The government’s ill-advised plan to amend the extradition law triggered three large-scale protest marches in the city in the past month. While all the three rallies were peaceful and orderly, and won praise from the international community, the storming of the Legislative Council complex by some radical protesters on July 1, and the subsequent vandalizing acts, have now put things out of gear.
Since the start of the anti-extradition bill campaign, pro-democracy lawmakers and the clergy would often stand between protesters and the police serving as “human buffer” in order to prevent bloody clashes.
This approach often worked, albeit to a certain extent, until Monday when pan-democrat lawmakers were basically shouted down and pushed over when they were trying to mediate between the police and rowdy protesters.
The lawmakers found themselves unable to stop protesters from smashing the glass walls of the Legco building and forcing their way into the complex at night.
Speaking of their failure to prevent the protest from spinning out of control, some pan-dems admitted that there was nothing much they could do to persuade young protesters to exercise restraint, even as they tried their best to prevent the escalation of violence.
In the meantime, a pro-establishment figure has said the storming of the Legco building on Monday night came as no surprise, as the pan-dems simply didn’t have a grip on the situation right from the start.
Although the mainstream public opinion does not condone radical acts or vandalism, some of the citizens who took part in the annual July 1 rally said they can understand why young protesters are turning increasingly violent.
It is because, they explained, despite mounting calls in society for total withdrawal of the extradition bill and for an independent commission of inquiry to look into the June 12 police action on protesters, the government has remained defiant and refused to budge.
Chief Executive Carrie Lam Cheng Yuet-ngor had pledged to listen more to public views, but people are not convinced about her sincerity as she had uttered similar words many times in the past.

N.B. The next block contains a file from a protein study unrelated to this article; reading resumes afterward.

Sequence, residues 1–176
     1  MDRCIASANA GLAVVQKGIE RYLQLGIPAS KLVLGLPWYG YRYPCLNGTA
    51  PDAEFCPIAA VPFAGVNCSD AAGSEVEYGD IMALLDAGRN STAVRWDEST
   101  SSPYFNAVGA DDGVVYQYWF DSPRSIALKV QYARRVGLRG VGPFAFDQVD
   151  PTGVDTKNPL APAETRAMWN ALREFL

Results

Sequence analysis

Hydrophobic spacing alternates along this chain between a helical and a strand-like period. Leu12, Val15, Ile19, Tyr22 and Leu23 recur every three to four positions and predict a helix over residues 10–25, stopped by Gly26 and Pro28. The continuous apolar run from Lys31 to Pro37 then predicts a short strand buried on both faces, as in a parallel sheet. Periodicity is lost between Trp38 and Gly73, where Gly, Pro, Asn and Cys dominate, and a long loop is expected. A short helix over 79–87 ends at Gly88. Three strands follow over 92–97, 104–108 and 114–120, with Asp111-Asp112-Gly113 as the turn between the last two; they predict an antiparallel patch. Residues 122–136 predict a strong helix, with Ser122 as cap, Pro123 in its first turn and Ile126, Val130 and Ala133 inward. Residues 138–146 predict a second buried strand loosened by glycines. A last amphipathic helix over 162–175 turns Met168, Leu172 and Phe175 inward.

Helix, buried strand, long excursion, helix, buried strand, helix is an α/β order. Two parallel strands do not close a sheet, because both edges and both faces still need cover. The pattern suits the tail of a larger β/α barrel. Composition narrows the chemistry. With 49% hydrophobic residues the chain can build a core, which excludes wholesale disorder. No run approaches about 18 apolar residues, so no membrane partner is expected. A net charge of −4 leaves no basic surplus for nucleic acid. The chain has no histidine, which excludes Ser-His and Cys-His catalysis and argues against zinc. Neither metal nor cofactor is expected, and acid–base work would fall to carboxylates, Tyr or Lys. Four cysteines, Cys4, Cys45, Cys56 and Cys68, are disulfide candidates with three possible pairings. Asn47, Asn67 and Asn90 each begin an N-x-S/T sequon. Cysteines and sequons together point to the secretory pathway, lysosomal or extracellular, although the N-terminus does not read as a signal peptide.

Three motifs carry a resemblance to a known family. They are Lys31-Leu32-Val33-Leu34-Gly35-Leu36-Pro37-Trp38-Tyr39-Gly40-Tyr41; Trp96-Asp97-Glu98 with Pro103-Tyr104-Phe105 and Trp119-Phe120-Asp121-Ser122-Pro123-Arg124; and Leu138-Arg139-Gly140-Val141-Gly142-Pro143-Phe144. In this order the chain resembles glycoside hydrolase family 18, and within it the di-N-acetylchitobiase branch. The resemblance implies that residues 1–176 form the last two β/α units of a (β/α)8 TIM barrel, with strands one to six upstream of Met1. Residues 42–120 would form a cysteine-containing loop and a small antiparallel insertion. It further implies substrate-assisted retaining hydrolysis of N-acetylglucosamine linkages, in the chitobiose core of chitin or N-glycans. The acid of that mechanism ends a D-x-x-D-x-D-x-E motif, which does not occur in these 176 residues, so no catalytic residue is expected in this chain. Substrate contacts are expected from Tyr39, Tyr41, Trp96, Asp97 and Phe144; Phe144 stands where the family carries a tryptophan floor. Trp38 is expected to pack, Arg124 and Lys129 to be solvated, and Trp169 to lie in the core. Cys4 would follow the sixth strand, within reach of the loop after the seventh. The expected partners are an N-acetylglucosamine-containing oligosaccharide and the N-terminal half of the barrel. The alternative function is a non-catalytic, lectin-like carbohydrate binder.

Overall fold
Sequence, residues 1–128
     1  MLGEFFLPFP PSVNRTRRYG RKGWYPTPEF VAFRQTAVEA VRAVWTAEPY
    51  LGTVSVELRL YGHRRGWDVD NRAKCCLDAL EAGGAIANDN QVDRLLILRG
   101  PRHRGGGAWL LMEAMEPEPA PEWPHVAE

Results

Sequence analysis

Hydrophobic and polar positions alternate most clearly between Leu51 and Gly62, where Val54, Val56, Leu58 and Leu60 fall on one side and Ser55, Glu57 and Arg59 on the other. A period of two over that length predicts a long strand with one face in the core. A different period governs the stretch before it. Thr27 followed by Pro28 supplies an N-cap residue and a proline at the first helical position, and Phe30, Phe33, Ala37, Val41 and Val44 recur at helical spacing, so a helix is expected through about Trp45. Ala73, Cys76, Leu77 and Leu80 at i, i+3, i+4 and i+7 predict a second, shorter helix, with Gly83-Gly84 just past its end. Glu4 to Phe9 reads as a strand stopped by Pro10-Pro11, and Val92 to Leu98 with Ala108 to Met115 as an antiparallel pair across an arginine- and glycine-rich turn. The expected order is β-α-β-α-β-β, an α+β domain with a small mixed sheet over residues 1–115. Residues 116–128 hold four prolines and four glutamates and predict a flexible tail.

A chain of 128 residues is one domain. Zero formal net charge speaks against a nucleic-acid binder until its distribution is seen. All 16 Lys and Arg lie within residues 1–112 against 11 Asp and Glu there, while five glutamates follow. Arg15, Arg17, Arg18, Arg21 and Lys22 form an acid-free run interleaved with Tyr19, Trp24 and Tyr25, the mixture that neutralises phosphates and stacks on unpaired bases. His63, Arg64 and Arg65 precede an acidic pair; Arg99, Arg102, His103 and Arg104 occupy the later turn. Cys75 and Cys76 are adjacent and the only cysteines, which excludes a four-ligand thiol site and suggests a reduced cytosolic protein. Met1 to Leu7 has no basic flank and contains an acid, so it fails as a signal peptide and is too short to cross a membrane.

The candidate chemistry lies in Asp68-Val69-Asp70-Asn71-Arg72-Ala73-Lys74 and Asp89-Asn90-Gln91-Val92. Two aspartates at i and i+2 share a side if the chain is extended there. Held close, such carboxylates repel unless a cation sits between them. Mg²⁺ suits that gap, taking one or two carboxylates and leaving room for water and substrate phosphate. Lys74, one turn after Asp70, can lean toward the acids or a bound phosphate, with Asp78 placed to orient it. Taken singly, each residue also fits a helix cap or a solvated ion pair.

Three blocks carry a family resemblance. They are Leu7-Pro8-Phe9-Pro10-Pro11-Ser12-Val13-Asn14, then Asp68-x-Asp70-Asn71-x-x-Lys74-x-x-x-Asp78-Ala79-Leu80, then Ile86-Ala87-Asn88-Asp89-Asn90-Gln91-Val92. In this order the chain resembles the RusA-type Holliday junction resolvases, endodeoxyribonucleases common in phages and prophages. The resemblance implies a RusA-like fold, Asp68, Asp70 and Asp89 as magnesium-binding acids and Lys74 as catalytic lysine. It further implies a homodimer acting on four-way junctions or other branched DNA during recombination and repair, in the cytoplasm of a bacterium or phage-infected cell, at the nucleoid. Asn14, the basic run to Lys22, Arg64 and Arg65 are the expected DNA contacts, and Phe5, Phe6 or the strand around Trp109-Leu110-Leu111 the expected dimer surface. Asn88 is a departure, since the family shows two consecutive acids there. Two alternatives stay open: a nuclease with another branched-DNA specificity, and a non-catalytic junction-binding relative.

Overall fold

As far as the government’s vow to adopt a more open and accommodating governance style is concerned, people generally don’t have much expectation about that either.
Recently, rumors have been circulating among the political circles that some high-ranking officials might be held accountable for the extradition bill fiasco and asked to step down after July 1.
The prevailing view among members of the pro-establishment camp is that Justice Secretary Teresa Cheng Yeuk-wah should probably take the biggest responsibility for the debacle.
That said, the storming and occupation of the Legco building by protesters on Monday may now set things on a different course, and it remains to be seen how the whole saga is going to play out.
Pro-establishment figures have noted that the political firestorm over the extradition bill shows that distrust and fear against the mainland among Hong Kong people remains very strong even though 22 years have passed since the city returned to Chinese rule.
Given the current situation, Beijing may seek to further tighten its grip on Hong Kong affairs in the coming days, and also direct efforts towards education and propaganda to promote patriotic sentiments.
Yet the problem is such efforts may not succeed, and may actually prove counter-productive. One should bear in mind that Beijing had been tightening its policy on Hong Kong over the past decade or so, only to witness a growing backlash among the local people.
If central authorities are determined to further toughen their stance on Hong Kong as a result of the anti-extradition bill movement, it may only make winning over people’s hearts that much harder.
This article appeared in the Hong Kong Economic Journal on July 2
Translation by Alan Lee
[Chinese version 中文版]
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